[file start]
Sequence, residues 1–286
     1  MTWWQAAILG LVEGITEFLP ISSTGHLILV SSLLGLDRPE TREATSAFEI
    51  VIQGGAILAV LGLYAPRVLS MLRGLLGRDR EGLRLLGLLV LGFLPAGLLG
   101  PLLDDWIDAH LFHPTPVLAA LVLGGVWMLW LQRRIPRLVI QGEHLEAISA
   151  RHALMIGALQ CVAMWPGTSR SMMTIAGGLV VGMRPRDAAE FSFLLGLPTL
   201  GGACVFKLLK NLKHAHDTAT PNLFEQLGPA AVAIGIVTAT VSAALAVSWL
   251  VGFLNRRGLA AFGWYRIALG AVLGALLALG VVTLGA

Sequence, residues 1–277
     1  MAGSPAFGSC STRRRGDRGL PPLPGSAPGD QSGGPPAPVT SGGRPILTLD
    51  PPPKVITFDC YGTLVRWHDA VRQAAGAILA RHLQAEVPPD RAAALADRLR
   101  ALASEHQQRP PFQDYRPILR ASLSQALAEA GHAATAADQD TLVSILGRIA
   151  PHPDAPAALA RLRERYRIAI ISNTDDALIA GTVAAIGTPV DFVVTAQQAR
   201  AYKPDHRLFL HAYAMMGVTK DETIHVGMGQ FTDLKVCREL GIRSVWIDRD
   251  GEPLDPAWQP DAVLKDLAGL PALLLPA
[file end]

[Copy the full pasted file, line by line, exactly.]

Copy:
Sequence, residues 1–286
     1  MTWWQAAILG LVEGITEFLP ISSTGHLILV SSLLGLDRPE TREATSAFEI
    51  VIQGGAILAV LGLYAPRVLS MLRGLLGRDR EGLRLLGLLV LGFLPAGLLG
   101  PLLDDWIDAH LFHPTPVLAA LVLGGVWMLW LQRRIPRLVI QGEHLEAISA
   151  RHALMIGALQ CVAMWPGTSR SMMTIAGGLV VGMRPRDAAE FSFLLGLPTL
   201  GGACVFKLLK NLKHAHDTAT PNLFEQLGPA AVAIGIVTAT VSAALAVSWL
   251  VGFLNRRGLA AFGWYRIALG AVLGALLALG VVTLGA

Sequence, residues 1–277
     1  MAGSPAFGSC STRRRGDRGL PPLPGSAPGD QSGGPPAPVT SGGRPILTLD
    51  PPPKVITFDC YGTLVRWHDA VRQAAGAILA RHLQAEVPPD RAAALADRLR
   101  ALASEHQQRP PFQDYRPILR ASLSQALAEA GHAATAADQD TLVSILGRIA
   151  PHPDAPAALA RLRERYRIAI ISNTDDALIA GTVAAIGTPV DFVVTAQQAR
   201  AYKPDHRLFL HAYAMMGVTK DETIHVGMGQ FTDLKVCREL GIRSVWIDRD
   251  GEPLDPAWQP DAVLKDLAGL PALLLPA